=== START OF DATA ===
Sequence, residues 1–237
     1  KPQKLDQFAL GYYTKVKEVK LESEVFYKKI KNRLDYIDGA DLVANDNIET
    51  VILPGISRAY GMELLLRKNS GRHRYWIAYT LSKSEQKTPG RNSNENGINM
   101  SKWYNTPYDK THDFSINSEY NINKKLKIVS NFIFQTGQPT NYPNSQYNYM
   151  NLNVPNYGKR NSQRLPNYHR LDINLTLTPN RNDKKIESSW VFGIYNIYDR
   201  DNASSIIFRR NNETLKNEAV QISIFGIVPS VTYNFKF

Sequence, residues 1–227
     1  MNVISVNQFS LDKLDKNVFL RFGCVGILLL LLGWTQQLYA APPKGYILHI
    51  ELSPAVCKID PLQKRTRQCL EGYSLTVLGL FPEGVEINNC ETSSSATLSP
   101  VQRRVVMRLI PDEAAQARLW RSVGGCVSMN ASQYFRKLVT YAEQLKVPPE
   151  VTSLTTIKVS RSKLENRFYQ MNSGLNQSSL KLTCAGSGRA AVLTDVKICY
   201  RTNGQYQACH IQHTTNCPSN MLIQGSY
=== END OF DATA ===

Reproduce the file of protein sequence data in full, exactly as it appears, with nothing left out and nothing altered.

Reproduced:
Sequence, residues 1–237
     1  KPQKLDQFAL GYYTKVKEVK LESEVFYKKI KNRLDYIDGA DLVANDNIET
    51  VILPGISRAY GMELLLRKNS GRHRYWIAYT LSKSEQKTPG RNSNENGINM
   101  SKWYNTPYDK THDFSINSEY NINKKLKIVS NFIFQTGQPT NYPNSQYNYM
   151  NLNVPNYGKR NSQRLPNYHR LDINLTLTPN RNDKKIESSW VFGIYNIYDR
   201  DNASSIIFRR NNETLKNEAV QISIFGIVPS VTYNFKF

Sequence, residues 1–227
     1  MNVISVNQFS LDKLDKNVFL RFGCVGILLL LLGWTQQLYA APPKGYILHI
    51  ELSPAVCKID PLQKRTRQCL EGYSLTVLGL FPEGVEINNC ETSSSATLSP
   101  VQRRVVMRLI PDEAAQARLW RSVGGCVSMN ASQYFRKLVT YAEQLKVPPE
   151  VTSLTTIKVS RSKLENRFYQ MNSGLNQSSL KLTCAGSGRA AVLTDVKICY
   201  RTNGQYQACH IQHTTNCPSN MLIQGSY